10. ? 10.010.1 Launert. E. Edible and Medicinal Plants. Hamlyn ISBN 0-600-37216-2 (1981-00-00)
  11. ? 11.011.1 Triska. Dr. Hamlyn Encyclopaedia of Plants. Hamlyn ISBN 0-600-33545-3 (1975-00-00)
  12. ? 12.012.112.2 Lust. J. The Herb Book. Bantam books ISBN 0-553-23827-2 (1983-00-00)
  13. ? 13.013.1 Polunin. O. Flowers of Europe - A Field Guide. Oxford University Press ISBN 0192176218 (1969-00-00)
  14. ? 14.014.1 Mills. S. Y. The Dictionary of Modern Herbalism. ()
  15. ? 15.015.1 Emboden. W. Narcotic Plants Studio Vista ISBN 0-289-70864-8 (1979-00-00)
  16. ? 16.016.116.2 Duke. J. A. and Ayensu. E. S. Medicinal Plants of China Reference Publications, Inc. ISBN 0-917256-20-4 (1985-00-00)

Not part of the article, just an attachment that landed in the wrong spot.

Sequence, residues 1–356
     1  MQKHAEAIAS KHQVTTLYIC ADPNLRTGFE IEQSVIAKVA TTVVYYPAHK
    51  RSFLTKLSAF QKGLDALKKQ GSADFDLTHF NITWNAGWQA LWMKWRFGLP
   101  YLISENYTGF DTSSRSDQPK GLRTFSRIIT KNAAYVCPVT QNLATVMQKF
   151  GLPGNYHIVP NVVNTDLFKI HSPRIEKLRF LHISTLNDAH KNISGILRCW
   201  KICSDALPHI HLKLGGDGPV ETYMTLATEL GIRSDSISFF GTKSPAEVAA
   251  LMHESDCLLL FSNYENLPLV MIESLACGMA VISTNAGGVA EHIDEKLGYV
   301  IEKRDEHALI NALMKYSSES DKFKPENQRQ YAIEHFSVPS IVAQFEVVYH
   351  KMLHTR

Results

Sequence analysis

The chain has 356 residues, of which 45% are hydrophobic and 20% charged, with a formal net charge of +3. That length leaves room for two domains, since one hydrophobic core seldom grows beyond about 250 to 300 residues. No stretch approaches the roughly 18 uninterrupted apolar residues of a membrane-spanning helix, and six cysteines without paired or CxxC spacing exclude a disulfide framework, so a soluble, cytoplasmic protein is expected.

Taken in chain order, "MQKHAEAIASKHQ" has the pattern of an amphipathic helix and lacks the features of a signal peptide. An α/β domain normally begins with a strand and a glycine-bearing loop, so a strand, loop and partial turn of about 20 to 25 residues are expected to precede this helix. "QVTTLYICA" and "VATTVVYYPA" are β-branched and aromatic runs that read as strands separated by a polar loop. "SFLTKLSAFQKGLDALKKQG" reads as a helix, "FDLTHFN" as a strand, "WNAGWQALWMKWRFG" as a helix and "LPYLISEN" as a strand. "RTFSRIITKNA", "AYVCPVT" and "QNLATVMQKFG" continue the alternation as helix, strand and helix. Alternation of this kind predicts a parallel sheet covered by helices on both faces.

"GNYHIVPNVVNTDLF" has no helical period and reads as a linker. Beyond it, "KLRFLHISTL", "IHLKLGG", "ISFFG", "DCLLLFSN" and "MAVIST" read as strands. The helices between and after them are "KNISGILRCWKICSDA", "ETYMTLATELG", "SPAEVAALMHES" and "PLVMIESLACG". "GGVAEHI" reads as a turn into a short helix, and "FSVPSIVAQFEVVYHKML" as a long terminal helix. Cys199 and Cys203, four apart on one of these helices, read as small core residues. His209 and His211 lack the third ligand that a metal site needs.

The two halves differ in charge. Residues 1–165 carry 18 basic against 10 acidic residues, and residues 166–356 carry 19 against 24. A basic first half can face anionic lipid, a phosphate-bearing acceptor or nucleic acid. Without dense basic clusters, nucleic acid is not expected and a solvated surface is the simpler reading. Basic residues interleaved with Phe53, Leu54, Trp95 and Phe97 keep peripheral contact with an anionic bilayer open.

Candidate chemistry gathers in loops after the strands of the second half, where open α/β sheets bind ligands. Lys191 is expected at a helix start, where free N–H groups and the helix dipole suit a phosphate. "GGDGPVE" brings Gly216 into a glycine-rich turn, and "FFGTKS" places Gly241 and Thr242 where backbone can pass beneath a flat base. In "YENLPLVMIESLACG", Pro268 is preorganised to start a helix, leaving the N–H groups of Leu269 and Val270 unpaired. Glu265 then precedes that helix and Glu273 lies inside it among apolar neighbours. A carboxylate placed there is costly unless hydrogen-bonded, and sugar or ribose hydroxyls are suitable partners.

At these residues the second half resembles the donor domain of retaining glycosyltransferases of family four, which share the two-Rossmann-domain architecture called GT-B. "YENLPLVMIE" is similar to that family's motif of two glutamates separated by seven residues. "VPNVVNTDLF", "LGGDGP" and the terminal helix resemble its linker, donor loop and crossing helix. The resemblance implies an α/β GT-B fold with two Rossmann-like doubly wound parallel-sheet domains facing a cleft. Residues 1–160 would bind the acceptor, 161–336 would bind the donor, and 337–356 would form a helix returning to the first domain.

17. ? 17.017.117.2 Tsarong. Tsewang. J. Tibetan Medicinal Plants Tibetan Medical Publications, India ISBN 81-900489-0-2 (1994-00-00)
  18. ? 18.018.118.218.318.4 Huxley. A. The New RHS Dictionary of Gardening. 1992. MacMillan Press ISBN 0-333-47494-5 (1992-00-00)
  19. ? F. Chittendon. RHS Dictionary of Plants plus Supplement. 1956 Oxford University Press (1951-00-00)
  20. ? Schery. R. W. Plants for Man. ()
  21. ? Philbrick H. and Gregg R. B. Companion Plants. Watkins (1979-00-00)
  22. ? Genders. R. Scented Flora of the World. Robert Hale. London. ISBN 0-7090-5440-8 (1994-00-00)
  23. ? Cite error: Invalid <ref> tag; no text was provided for refs named PFAFimport-17